Income for U.S. households rose sharply last year, and the number of people living in poverty declined, indicating that many Americans' finances were on the upswing before the coronavirus pandemic derailed the nation's economy.
Median household income increased 6.8% to $68,700, the highest on record, according to data released Tuesday by the Census Bureau. Household income includes employment bonuses, payments from public assistance, interest and dividends from investment, and Social Security, in addition to other sources.
The nation's poverty rate fell by 1.3 percentage points to 10.5%, down from 11.8% in 2018. It marked the lowest rate since estimates were first published in 1959 and was the fifth consecutive decline. There were 34 million living in poverty in 2019, 4.2 million fewer people than 2018, the Bureau said.
Before the coronavirus-induced downturn, the U.S. was in the midst of the longest economic expansion on record, with the unemployment rate hovering around 3.5%, a half-century low.
But the pandemic triggered a wave of layoffs -- some 22 million Americans lost their jobs as a result of the crisis -- with lower-wage workers among the hardest hit (one report from the Federal Reserve showed that 39% of individuals with a household income below $40,000 lost their job in March).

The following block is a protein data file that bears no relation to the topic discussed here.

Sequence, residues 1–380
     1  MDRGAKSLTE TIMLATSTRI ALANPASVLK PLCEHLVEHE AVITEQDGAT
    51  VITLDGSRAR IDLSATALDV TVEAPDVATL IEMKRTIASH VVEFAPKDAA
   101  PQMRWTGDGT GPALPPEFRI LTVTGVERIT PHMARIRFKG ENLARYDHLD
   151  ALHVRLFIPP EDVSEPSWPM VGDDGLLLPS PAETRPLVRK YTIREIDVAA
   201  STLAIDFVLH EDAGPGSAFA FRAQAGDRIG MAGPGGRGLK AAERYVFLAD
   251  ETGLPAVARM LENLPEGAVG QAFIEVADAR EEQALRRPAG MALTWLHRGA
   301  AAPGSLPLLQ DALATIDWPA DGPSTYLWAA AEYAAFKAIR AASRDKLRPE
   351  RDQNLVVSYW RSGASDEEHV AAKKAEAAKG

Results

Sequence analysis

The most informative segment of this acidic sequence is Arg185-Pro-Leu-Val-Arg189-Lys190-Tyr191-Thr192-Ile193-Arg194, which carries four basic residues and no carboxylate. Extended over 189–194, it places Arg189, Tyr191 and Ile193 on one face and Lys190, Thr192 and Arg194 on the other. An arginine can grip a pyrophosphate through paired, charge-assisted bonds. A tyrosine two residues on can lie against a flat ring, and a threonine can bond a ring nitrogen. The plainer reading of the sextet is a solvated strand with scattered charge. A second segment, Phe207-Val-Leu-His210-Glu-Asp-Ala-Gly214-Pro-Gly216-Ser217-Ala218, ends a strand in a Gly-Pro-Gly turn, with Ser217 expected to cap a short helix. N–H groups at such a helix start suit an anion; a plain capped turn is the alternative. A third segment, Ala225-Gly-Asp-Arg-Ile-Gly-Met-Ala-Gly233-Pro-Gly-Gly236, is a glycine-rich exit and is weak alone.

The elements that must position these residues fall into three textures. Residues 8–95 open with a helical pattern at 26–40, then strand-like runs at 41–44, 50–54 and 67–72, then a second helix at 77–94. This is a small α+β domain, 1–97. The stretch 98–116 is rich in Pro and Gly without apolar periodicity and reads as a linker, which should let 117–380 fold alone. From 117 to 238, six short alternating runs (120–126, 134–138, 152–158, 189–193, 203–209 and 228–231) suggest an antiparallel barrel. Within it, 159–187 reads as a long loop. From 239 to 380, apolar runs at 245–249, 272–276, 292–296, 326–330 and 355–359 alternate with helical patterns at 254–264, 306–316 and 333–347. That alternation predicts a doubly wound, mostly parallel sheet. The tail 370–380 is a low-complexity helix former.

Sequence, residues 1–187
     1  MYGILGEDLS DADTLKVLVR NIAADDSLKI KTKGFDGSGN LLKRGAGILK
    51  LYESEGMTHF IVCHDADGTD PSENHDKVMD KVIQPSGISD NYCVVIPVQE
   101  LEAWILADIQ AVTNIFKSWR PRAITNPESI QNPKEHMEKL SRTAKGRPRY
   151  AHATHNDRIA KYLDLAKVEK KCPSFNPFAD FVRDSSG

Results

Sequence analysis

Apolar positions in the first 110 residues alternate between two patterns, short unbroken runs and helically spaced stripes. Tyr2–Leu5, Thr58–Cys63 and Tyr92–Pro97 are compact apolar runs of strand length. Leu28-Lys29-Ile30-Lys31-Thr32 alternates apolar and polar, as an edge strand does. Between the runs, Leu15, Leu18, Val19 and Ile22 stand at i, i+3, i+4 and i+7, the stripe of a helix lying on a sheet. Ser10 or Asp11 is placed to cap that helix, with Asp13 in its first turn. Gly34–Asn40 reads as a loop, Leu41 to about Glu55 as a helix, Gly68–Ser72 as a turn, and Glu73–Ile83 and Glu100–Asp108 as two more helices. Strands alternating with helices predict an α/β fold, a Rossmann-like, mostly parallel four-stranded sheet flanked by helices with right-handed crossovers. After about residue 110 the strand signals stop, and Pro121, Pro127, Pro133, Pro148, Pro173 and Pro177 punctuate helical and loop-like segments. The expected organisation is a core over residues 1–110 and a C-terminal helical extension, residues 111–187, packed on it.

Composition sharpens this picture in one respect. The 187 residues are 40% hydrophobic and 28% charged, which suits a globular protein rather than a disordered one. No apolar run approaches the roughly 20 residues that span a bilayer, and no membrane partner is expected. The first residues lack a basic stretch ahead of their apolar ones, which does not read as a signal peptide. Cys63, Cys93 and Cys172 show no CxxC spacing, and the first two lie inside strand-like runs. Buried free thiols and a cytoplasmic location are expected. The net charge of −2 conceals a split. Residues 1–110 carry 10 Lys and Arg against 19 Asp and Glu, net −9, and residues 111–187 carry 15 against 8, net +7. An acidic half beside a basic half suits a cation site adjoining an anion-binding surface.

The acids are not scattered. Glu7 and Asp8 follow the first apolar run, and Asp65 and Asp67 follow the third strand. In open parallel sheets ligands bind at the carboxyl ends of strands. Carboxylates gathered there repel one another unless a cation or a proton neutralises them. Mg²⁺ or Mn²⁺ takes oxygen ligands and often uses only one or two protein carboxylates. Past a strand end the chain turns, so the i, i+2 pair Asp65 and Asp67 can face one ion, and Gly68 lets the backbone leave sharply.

There are still 11.5 million more out-of-work Americans compared to February.
The government passed a massive stimulus package at the end of March to blunt the economic pain of the crisis, including sending a one-time payment of up to $1,200 to some Americans and boosting unemployment benefits by $600 per week.
Research from the Center on Poverty and Social Policy at Columbia University suggests the emergency relief was pivotal in staving off a rise in poverty. The rate actually ticked down slightly to 12.7%, researchers said. Without the aid package, the poverty rate would have surged to 16.3%.
But lawmakers are at a standstill over another aid package, with the prospects of more relief before the Nov. 3 election appearing increasingly unlikely.
The U.S. continued to grapple with income inequality before the pandemic struck, the report showed. The top fifth of households by income received 51.9% of all income, compared to just 3.1% received by households in the lowest quintile. Within the highest quintile, the top 5% of households received 23% of all income.
Tuesday's report also showed the number of Americans without health insurance was about 8%, or 26.1 million people, in 2019.
The Census Bureau said the data, which was collected from February through April of this year, may have been impacted by the health crisis, with response rates lower than usual.